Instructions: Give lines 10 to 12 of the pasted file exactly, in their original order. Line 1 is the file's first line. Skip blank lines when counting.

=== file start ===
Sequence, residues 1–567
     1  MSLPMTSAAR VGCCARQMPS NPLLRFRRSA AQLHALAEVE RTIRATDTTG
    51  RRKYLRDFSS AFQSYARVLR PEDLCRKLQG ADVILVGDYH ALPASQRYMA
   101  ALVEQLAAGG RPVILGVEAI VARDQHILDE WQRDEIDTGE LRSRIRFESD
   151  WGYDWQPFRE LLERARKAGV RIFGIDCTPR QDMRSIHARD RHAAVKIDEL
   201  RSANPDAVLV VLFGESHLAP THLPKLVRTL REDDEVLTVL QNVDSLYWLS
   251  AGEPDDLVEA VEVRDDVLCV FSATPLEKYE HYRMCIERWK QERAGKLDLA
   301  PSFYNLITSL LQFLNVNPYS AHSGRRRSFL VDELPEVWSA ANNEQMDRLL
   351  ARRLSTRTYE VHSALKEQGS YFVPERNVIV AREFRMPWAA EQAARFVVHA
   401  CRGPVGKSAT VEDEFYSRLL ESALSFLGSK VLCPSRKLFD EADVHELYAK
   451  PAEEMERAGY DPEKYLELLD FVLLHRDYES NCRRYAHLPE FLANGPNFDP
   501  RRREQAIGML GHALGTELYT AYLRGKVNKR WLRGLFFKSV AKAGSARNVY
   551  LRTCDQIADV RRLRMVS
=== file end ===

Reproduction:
   401  CRGPVGKSAT VEDEFYSRLL ESALSFLGSK VLCPSRKLFD EADVHELYAK
   451  PAEEMERAGY DPEKYLELLD FVLLHRDYES NCRRYAHLPE FLANGPNFDP
   501  RRREQAIGML GHALGTELYT AYLRGKVNKR WLRGLFFKSV AKAGSARNVY